CANINE CONNECTION: Two dogs can be twice the trouble or double the fun

Dogs are like potato chips: you can’t stop at just one.

Well, maybe that’s just me.

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For many fellow dog owners, sharing a home with more than one dog is a normal way of life. We could not imagine only one dog in the home.

The reason people get a second dog is really a personal one. I enjoy the company of dogs more than the company of people and find my dogs seem more at peace when they have another four-legged companion to share their space with.

And lets face it – dogs are just plain cool. Why would you not want to have more than one?

But is having two dogs twice the fun or double the trouble?

For the most part, it is twice the fun. It’s also twice the joy and twice the love. But if you are impulsive and don’t put any forethought into the decision of bringing a second dog into the home, it can be double the trouble.

If you are thinking of bringing a second dog into the home as a way to exercise or entertain your first dog, that’s not forethought, that is your guilt.

If you don’t have enough time to exercise and interact with your first dog, you will not magically get more time when you have a second dog. In fact, it will create more work and give you less time.

Dogs take work. It takes time and work to exercise, train, clean up after, feed and show affection for your dog.

Speaking of training, if you are thinking of adding a second dog to your home, wait until your first dog is well socialized, reliably responds to voice commands and is at least two to three years of age.

Yes, that seems like a really long time to wait but there is a method to this madness. By the time a dog is three years of age they are considered an adult and if you have put in the time they should be well trained.

If your first dog is not well trained then adding a puppy will be twice the trouble. Dogs tend to feed off each other, regardless of the human in the equation. So if your first Fido is a fiend then your second one will be as well.

If you are considering adopting an adult dog rather than a puppy, wait until you have had your first dog for at least three years before adopting an adult dog for the exact same reasons. It will make your life far easier and your relationship with your dogs far more enjoyable if the first dog is well trained and socialized. 

Sometimes people think it’s a great idea to bring two puppies home from the same litter. It’s not.

The two littermates will bond with each other rather than their humans and this makes for some difficulty in training and socialization as well as managing behaviours such as impulse control and reactivity. Littermates are also more likely to display bullying and aggressive behaviours towards each other as well as other dogs.  The two-to-three year age buffer applies to littermates as well.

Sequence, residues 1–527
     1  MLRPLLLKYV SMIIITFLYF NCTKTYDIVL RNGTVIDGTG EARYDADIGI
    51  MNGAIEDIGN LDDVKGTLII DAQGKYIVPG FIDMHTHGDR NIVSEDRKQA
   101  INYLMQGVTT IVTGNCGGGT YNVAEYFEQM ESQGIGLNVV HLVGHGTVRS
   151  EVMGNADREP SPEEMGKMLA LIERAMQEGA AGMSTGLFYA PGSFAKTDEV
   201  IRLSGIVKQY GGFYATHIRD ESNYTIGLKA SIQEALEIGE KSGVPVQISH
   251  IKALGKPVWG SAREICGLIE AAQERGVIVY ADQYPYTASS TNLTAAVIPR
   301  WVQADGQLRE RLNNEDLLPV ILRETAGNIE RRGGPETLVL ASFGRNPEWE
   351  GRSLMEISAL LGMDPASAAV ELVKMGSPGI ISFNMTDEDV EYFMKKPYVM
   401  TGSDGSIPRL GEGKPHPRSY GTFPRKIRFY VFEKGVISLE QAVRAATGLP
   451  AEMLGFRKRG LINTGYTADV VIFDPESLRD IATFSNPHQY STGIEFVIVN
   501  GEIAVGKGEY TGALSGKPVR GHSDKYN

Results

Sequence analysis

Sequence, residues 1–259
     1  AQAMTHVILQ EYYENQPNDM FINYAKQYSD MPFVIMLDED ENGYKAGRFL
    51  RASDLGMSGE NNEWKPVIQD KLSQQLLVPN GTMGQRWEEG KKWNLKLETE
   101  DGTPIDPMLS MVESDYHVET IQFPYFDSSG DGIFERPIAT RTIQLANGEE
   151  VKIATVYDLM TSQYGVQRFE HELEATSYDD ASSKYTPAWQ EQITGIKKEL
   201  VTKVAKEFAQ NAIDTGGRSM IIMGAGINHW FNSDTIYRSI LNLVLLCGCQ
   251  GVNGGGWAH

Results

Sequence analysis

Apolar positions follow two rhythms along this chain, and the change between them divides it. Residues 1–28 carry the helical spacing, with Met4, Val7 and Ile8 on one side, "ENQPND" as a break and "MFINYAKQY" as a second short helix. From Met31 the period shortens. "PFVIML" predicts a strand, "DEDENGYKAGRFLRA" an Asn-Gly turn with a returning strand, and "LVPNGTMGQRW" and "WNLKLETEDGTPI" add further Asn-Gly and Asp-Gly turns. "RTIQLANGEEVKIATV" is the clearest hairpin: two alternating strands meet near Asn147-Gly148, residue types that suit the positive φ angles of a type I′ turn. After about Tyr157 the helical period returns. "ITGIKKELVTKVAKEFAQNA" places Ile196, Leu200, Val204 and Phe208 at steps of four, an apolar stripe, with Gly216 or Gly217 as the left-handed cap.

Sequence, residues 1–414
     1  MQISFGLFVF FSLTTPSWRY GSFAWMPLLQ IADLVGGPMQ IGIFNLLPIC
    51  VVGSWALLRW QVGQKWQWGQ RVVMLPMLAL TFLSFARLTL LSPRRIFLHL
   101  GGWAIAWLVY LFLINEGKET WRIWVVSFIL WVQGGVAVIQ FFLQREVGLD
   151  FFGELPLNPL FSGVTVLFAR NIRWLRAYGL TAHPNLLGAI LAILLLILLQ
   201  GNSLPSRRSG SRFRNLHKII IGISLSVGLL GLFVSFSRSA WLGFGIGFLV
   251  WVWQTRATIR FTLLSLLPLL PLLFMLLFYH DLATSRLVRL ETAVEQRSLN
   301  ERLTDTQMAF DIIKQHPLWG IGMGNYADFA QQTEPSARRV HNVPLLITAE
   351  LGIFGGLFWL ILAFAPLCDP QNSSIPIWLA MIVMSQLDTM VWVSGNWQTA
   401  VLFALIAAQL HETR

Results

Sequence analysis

Also, consider your dog’s needs. You may have this grand idea that your current dog really wants a playmate, but maybe they don’t. Some dogs are happier being the only one and a second dog can cause more stress than joy. But for dogs that suffer from separation anxiety a second dog may be the cure you are looking for. 

Generally speaking, if you adhere to the two-to-three year age buffer rule, then introducing a second dog to the home usually goes without a hitch.

With proper guidance and leadership, most dogs learn how to co-habitate with each other and get along just fine, but in some cases personalities clash and a trainer will be needed to help sort out the differences and bring harmony back to the pack. This leads to the next topic: money.

Owning a dog is expensive. From food, toys, vet bills, adoption fees, training fees and more. Figure out how much your first dog costs per year then multiply that by 15 then double it. That is the amount of money it will cost you if you are planning on having a second dog.

The bottom line is to give it some thought, not act on impulse and decide if you have the time, energy and money to have a second dog. Then go ahead and have another potato chip ... or two!

Joan Klucha has been working with dogs for more than 20 years in obedience, tracking and behavioural rehabilitation. Contact her at k9kinship@gmail.com.

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